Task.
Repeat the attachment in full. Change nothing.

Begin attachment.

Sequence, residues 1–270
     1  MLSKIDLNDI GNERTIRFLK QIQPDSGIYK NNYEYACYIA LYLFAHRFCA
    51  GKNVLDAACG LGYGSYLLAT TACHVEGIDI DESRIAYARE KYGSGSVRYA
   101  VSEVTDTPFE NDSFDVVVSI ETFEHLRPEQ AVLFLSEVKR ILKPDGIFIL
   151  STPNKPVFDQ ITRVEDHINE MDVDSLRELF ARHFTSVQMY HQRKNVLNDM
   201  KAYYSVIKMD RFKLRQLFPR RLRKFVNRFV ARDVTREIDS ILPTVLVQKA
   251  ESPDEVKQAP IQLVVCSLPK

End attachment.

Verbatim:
Sequence, residues 1–270
     1  MLSKIDLNDI GNERTIRFLK QIQPDSGIYK NNYEYACYIA LYLFAHRFCA
    51  GKNVLDAACG LGYGSYLLAT TACHVEGIDI DESRIAYARE KYGSGSVRYA
   101  VSEVTDTPFE NDSFDVVVSI ETFEHLRPEQ AVLFLSEVKR ILKPDGIFIL
   151  STPNKPVFDQ ITRVEDHINE MDVDSLRELF ARHFTSVQMY HQRKNVLNDM
   201  KAYYSVIKMD RFKLRQLFPR RLRKFVNRFV ARDVTREIDS ILPTVLVQKA
   251  ESPDEVKQAP IQLVVCSLPK